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Premature pubarche (PP) is defined as the appearance of pubic hair before 8 yr of age in girls and 9 yr in boys, without other signs of puberty. The appearance of pubarche before one year of life is rare, with few reports in the literature. We present a case of PP in a 7-mo-old infant that was found to be in mini-puberty and also had non-classical congenital adrenal hyperplasia (CAH).
A previously healthy, 7-mo-old male infant presented with a 3-mo history of pubic hair. He was a healthy, term newborn who was born to nonconsanguineous parents, and had appropriate weight and length. Physical examination revealed thick and long pubic hair on the scrotum, without hyperpigmentation or enlargement of the penis (Fig. 1a). No other signs of virilization or secondary sexual development were noted. His height (–0.08 SDS) and weight (–0.11 SDS) were normal for his age and appropriate for midparental height, with no apparent acceleration in growth rate.
Laboratory data obtained the same day showed normal dehydroepiandrosterone sulfate (DHEA-S) and androstenedione levels, as well as negative results for β-subunit of human chorionic gonadotropin (βhCG), alpha-fetoprotein (AFP), and carcinoembryonic antigen (CEA). Basal plasma LH concentration was 1.5 mIU/ml (Reference value [RV]: 0.02–0.3 mIU/ml), testosterone was 25.2 ng/dl (RV: < 2.5 ng/dl), and 17-OH-progesterone was 2.48 ng/ml (RV: < 1.1 ng/ml) (gas chromatography/mass spectrometry). Bone age was equal to his chronological age. Abdominal ultrasound did not show any masses, and demonstrated normal adrenal glands. Due to his elevated 17-OH-progesterone concentration, analysis of the CYP21A2 gene was performed and showed a homozygous variant of p.Val281Leu. Genetic studies of the parents were not done. After an observation period of 6 months, pubarche spontaneously resolved (Fig. 1b), with no other signs of virilization, and growth velocity remained normal.
As noted, PP is defined as the appearance of pubic hair before 8 yr of age in girls and 9 yr in boys, without other signs of puberty. It more frequently occurs between the ages of 6 to 8 yr, with a clear predominance in girls (1). Pubarche in the first year of life is rare, with few reports and little description in the literature. It is thought to be benign because most cases resolve spontaneously; however, long-term follow-up is necessary to determine the etiology. When clinical signs of pubarche are noted, careful physical examination and analysis of the growth chart should be performed. The initial biochemical evaluation must include the determination of sex steroids and 17-OH-progesterone levels. If testosterone concentrations are elevated, βhCG and an abdominal and pelvic ultrasound should be evaluated (2). The diagnosis of premature pubarche is based on the exclusion of other causes of prepubertal hyperandrogenism (3), and the etiology in infants remains unknown. A possible explanation might be the early physiological rise of testosterone in mini-puberty (4), which is not accompanied by other signs of secondary sexual development (axillary hair or odor, advanced bone age, and/or acceleration of the growth rate) and resolves spontaneously. Among the pathological causes that may initially present as premature pubarche, classic or non-classical CAH, precocious puberty, virilizing tumors, and exogenous exposure must be excluded. Classically, these conditions present with other findings such as clitoromegaly, increased penile length, advanced bone age, and growth acceleration. Despite the fact that this case did not present with other clinical findings of CAH, elevated 17-OH-progesterone concentration suggested non-classical CAH. Molecular study showed a homozygous variant of p.Val281Leu. This pathogenic variant has been described in patients with non-classical CAH (5); however, to our knowledge, this variant has not been described in infants that present with premature pubarche. As this boy’s phenotype resolved in time and did not present other features of CAH, the clinical significance of this genotype is not clear.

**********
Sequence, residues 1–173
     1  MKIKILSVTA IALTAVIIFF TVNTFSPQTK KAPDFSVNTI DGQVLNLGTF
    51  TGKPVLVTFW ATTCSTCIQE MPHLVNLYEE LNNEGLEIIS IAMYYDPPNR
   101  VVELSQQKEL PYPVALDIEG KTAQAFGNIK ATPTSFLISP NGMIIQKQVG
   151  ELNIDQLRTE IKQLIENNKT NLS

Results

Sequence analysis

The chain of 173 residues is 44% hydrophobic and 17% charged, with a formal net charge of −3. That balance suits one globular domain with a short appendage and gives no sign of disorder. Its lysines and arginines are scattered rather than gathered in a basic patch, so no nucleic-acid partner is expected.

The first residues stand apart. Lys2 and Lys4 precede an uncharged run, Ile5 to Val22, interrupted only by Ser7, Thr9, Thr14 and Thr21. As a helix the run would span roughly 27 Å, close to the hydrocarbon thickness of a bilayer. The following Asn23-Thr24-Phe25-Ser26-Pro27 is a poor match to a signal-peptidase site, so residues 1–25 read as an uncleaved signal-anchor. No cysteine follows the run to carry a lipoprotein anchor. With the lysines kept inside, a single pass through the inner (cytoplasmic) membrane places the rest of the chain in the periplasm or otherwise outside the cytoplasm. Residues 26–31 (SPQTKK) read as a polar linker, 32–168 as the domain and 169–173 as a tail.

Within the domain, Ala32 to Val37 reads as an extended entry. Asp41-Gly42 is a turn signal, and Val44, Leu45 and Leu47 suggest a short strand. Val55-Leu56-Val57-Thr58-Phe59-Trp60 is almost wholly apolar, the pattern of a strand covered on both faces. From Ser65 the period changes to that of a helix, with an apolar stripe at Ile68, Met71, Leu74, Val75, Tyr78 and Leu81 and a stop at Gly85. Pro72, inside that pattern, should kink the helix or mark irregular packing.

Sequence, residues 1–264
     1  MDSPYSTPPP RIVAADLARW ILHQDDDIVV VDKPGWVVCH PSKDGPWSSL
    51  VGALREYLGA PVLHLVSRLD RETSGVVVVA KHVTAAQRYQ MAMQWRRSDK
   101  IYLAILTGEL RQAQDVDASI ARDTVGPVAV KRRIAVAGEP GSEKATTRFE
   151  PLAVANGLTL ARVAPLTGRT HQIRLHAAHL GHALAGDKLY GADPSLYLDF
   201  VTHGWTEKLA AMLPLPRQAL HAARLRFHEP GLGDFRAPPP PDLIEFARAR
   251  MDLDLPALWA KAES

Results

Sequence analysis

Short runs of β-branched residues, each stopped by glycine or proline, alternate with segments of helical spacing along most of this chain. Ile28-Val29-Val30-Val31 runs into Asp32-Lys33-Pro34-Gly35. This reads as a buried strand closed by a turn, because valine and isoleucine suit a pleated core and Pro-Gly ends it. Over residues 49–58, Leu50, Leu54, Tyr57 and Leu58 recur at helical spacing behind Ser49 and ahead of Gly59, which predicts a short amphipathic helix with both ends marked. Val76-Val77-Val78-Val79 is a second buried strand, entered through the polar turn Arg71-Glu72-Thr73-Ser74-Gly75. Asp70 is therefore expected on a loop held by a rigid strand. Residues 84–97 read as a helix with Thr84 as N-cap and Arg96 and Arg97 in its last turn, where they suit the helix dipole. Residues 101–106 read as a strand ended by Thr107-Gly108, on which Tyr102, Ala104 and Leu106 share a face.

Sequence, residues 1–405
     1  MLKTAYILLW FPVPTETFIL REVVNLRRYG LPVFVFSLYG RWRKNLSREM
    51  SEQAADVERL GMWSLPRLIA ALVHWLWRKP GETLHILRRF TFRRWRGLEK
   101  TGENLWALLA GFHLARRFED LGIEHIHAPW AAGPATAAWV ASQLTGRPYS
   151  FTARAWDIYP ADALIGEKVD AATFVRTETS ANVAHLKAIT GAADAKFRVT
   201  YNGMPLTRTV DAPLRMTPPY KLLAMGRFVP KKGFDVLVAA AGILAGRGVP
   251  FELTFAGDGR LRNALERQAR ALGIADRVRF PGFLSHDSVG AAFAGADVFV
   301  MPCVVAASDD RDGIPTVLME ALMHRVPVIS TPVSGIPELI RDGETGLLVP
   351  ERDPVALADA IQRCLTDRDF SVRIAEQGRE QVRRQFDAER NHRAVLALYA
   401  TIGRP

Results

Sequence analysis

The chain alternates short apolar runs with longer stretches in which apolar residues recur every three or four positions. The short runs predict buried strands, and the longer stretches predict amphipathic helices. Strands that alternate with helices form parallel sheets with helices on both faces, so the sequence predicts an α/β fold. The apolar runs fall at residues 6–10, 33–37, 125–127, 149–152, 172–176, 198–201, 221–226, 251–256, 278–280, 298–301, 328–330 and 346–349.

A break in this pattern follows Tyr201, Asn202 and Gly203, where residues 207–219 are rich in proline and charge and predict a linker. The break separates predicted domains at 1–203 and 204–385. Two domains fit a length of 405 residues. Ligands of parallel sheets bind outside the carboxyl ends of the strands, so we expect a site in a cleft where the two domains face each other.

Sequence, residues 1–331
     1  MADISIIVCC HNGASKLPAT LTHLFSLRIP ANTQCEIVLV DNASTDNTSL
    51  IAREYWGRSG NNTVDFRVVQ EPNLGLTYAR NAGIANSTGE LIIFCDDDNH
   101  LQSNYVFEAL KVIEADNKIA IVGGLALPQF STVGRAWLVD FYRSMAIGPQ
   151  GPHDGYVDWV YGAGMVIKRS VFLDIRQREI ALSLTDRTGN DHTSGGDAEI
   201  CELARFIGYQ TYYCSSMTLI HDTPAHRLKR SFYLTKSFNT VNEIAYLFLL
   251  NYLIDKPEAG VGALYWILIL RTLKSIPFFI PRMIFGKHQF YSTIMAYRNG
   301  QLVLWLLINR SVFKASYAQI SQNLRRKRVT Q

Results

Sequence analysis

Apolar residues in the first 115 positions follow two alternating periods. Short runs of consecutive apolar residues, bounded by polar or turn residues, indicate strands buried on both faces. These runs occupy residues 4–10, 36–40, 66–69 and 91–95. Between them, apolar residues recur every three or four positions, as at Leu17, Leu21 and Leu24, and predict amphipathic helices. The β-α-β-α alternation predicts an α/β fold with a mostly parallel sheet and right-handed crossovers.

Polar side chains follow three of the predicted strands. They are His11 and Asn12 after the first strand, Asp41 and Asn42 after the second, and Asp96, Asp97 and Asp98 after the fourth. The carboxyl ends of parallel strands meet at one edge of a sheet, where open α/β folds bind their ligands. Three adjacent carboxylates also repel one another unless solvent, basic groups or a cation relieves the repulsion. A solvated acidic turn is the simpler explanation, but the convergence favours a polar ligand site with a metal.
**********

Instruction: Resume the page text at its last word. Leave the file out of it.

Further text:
Treatment is not always indicated in patients with non-classical CAH, unless they are symptomatic. Symptomatic hyperandrogenism can be reduced with low-dose glucocorticoids, as in children with early onset and rapid progression of pubic and body hair, rapid growth, and/or skeletal advancement.
Conflict of Interest: The authors have no relevant conflict of interest.